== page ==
The memoir serves as a passionate wake-up call, not only in terms of seeing cancer (controversially) as an invitation to engage in self-knowledge and inner healing, but a demand that we stop sleepwalking through our lives. For example, we know that global warming has gone well beyond the early warning signs, that thousands of people around the world are already suffering, in some cases dying, that environmental change in this country must take place at a faster pace. (Read Naomi Klein’s disturbing This Changes Everything: Capitalism Versus the Climate.) Ensler connects America’s flight from moral/social responsibility — what she sees as its global death wish — with her denial of the symptoms of her cancer for far too long. A passage in which she grapples with accepting chemotherapy articulates this sense of internal/external dissolution:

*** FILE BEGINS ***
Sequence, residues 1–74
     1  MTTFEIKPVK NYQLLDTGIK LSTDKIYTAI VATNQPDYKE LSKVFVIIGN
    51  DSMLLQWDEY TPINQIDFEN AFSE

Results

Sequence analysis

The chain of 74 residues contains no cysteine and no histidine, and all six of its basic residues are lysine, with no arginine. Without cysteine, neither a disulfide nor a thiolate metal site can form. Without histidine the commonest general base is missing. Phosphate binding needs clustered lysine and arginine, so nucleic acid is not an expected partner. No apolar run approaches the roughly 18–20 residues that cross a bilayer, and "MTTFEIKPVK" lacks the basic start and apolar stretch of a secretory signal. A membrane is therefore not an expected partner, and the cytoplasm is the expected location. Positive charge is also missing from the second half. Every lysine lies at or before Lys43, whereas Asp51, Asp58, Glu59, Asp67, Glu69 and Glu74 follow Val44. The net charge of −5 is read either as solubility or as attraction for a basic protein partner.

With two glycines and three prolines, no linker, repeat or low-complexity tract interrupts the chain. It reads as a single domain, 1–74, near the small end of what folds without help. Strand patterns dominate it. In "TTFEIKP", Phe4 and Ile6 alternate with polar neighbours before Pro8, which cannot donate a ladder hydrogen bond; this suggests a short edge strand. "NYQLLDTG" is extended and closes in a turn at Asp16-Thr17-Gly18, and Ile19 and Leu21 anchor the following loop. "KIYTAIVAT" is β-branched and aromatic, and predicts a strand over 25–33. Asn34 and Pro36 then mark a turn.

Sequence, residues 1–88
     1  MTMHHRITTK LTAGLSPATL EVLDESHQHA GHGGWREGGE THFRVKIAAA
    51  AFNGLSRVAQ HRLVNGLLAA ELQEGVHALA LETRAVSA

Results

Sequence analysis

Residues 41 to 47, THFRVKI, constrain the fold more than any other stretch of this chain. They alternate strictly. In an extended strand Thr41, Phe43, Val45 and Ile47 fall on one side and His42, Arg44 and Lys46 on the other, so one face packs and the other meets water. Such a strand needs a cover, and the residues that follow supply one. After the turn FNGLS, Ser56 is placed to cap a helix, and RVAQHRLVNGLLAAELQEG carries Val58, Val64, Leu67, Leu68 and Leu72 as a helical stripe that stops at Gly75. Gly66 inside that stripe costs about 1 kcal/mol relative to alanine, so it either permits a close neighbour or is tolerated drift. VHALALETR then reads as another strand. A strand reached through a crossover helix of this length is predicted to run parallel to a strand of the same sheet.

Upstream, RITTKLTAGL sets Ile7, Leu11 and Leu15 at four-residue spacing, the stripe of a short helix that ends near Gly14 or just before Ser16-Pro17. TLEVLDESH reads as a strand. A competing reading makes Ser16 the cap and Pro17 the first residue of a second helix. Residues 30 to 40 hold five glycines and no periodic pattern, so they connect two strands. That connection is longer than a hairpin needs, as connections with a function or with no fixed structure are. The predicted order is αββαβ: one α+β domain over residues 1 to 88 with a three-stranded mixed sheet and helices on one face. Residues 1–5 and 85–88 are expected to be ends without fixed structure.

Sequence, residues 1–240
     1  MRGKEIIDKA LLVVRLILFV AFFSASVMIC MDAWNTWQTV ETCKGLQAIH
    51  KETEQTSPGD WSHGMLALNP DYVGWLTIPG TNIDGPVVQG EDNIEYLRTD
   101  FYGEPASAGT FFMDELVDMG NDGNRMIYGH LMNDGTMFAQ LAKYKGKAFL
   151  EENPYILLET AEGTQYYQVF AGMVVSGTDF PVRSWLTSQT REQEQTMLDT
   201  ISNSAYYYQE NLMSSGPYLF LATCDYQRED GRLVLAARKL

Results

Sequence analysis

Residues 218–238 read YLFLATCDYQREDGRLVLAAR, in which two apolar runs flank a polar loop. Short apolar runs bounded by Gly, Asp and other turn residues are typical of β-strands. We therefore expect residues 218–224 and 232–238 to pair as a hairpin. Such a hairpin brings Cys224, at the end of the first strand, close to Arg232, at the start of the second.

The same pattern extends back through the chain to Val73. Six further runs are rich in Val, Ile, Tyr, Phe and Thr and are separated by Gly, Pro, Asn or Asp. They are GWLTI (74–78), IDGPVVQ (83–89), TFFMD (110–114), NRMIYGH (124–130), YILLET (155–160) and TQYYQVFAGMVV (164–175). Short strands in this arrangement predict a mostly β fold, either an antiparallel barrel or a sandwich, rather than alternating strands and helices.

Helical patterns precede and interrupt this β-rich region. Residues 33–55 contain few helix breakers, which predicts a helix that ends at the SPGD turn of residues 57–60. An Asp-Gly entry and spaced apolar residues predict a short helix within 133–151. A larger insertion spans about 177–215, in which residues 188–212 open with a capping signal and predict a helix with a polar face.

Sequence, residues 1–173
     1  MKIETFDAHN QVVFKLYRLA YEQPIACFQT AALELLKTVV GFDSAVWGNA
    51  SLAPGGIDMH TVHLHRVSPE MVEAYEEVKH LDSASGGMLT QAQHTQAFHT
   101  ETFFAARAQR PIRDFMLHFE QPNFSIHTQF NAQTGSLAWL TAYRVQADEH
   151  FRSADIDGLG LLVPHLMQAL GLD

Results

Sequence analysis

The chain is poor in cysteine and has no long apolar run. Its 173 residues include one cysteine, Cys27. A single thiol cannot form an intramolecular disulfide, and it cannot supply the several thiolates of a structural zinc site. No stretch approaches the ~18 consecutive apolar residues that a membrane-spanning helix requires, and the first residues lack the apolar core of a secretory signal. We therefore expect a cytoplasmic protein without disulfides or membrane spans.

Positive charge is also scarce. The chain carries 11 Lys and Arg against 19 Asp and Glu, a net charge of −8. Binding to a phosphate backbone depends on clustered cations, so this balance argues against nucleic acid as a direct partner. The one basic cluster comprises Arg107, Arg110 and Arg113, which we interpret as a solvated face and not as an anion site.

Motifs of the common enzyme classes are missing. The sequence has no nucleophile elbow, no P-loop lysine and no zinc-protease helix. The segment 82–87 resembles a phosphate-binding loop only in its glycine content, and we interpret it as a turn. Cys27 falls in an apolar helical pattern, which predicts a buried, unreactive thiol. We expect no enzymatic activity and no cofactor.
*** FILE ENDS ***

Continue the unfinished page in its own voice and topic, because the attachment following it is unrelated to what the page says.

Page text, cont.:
Cancer is essentially built into our DNA, our self-destruction programmed into our original design — biologically, psychologically. We spend our days, most of us consciously or unconsciously doing ourselves in. Think building a nuclear power plant on a fault line close to the water. Think poisoning the earth that feeds us, the air that lets us breathe. Think smoking, drugging. Think abusing our children who are meant to care for us in our old age, think mass raping women who carry the future in their bodies, think overeating or staving ourselves to look a certain way, think unprotected sex in the age of AIDS. We are a suicidal lot, propelled through self-eradication. And now, they were putting a tube in through my nose, down my throat, into my gut, as if I had poisoned myself.